“Dante”, the first track on Jesse Lynn Madera’s full length studio debut Fortunes, serves notice a major new talent is rising in modern popular music. Madera is the whole package. She is a skilled musician, an able lyricist, possesses a gorgeous voice capable of exploring a variety of ranges, and already exhibits a level of artistic maturity it takes many artists decades to achieve. The string arrangement accompanying this performance fleshes the song out further and never sounds gratuitous thanks to Stevie Blacke’s compositional talents. You can hear the genuine heartache Madera experiences watching the song’s subject flounder in life, but there’s ample affection coming through her voice and the song’s words. It’s a fantastic way to kick off this release.   

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Relationships are very much on Jesse Lynn Madera’s mind throughout Fortunes. They are typically connections near or past the breaking point and the latter is the case with the track “The Door”. Madera’s lyrics are stinging and draw blood, particularly when contending with the proverbial “other woman” who so often makes their presence felt in such songs, but there’s plenty of heartache present as well. Madera doesn’t play piano on every song included with this release, but she does on “The Door” and I believe her thoughtful touch on the keys during this track ranks among the album’s finest moments. Stevie Blacke’s string arrangements once again add an extra dimension to the performance.

“7 2 H V N” is a standout number for how Madera successfully combines her wont for “looking back” with a coy playfulness missing on the other tracks. It will remind listeners of the first flush of desire they experienced for a partner when very young while still remaining classy throughout. There’s no pandering here. “Funny Man” has some slightly bitter irony driving its lyric, but Madera never fully succumbs to it and its suggestion works far better for listeners than spelling it out for them in ham-fisted fashion. She’s quite good at providing well-rounded portraits in miniature and this is one of her more successful forays in that regard.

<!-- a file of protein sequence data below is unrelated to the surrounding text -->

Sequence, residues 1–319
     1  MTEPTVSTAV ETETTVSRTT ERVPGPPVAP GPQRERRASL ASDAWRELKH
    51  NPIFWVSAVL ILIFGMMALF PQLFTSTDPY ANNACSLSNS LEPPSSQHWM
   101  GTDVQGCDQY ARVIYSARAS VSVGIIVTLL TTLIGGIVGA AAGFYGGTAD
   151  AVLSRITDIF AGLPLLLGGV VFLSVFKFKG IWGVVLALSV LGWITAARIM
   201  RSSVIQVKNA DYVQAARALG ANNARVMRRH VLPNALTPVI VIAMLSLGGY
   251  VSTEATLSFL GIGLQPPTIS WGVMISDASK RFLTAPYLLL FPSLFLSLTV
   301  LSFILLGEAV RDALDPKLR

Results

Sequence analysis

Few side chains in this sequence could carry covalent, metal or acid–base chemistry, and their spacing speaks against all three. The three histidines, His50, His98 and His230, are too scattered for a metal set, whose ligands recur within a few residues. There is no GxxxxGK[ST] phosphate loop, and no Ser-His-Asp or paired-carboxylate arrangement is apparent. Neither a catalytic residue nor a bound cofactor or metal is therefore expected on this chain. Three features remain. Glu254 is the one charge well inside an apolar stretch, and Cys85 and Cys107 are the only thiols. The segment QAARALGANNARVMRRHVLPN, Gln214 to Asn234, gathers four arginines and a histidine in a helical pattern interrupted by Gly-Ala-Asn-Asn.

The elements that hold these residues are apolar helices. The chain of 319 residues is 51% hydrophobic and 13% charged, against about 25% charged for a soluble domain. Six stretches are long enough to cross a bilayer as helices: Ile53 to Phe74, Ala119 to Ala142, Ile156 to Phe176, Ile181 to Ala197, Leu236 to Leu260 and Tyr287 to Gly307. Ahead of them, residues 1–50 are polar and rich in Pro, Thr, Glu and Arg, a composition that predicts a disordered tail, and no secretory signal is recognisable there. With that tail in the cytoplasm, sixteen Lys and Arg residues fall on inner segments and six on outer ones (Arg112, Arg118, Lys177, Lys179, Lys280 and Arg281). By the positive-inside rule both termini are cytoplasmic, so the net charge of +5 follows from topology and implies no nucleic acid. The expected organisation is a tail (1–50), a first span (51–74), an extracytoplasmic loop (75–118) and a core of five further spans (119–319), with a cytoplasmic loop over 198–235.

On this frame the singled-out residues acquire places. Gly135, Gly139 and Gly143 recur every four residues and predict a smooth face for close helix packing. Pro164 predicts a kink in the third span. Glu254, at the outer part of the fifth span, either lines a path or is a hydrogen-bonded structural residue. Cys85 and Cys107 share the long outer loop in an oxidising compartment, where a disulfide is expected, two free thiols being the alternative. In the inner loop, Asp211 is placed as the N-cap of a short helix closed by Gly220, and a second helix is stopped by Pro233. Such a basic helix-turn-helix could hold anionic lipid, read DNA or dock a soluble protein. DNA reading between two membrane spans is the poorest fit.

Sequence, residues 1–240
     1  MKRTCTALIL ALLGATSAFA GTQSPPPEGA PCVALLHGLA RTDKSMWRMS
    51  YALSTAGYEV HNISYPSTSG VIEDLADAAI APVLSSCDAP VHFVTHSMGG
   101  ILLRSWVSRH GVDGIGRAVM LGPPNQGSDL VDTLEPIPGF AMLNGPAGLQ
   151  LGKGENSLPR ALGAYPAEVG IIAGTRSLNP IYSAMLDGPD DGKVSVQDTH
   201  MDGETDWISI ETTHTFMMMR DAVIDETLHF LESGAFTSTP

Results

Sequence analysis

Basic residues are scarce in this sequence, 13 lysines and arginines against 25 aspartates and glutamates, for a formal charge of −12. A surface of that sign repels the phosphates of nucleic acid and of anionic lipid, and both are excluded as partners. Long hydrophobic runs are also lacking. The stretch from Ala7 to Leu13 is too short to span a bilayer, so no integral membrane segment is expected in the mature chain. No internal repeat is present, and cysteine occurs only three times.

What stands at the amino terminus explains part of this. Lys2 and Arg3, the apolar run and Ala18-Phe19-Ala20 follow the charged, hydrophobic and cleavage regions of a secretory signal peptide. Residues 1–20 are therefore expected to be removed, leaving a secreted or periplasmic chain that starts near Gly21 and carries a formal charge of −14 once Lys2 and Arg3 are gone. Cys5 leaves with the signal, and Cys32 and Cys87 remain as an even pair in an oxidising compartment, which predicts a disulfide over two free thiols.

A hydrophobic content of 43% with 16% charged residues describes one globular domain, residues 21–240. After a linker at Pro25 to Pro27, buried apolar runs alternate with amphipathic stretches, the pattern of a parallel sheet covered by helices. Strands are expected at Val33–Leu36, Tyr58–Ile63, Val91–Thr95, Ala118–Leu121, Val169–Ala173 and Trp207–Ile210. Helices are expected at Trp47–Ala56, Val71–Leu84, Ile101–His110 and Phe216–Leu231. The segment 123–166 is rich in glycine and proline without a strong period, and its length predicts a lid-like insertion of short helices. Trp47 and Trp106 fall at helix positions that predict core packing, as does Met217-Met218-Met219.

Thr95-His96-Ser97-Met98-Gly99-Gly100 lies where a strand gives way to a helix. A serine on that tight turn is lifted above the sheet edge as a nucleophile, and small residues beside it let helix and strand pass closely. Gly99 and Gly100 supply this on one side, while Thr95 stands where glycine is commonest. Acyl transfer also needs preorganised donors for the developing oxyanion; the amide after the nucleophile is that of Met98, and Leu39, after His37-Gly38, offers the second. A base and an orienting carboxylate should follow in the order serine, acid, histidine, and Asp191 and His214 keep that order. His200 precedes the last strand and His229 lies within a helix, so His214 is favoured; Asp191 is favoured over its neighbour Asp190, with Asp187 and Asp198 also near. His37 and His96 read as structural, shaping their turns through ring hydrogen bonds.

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“You, With the Sullen Eyes”, the album’s second to last track, finds Madera taking on a duet with musician, singer, and actor John Hawkes, perhaps best remembered for his role as Sol Star in the popular HBO Western Deadwood. Hawkes’ vocal provides a dramatic counterpoint to Madera’s own and the dialogue their respective efforts generate helps bring an already fine lyric to the level of performed poetry. The finale “Fortunes” has the same quiet elegance defining much of this release and the swelling musicality of Blacke’s string arrangement accompanying the track transports listeners to another level. It’s an elegiac and deeply felt ending to a beautiful album.

Madera’s recording career is off to an exceptional start with her debut EP release and this first full-length outing. She sounds confident throughout, it’s clear she knew exactly what sort of album she wanted to cut before entering the studio and hits all her marks with inspired artistry. Her potential is boundless.

Written by Bethany Page, posted by Garth Thomas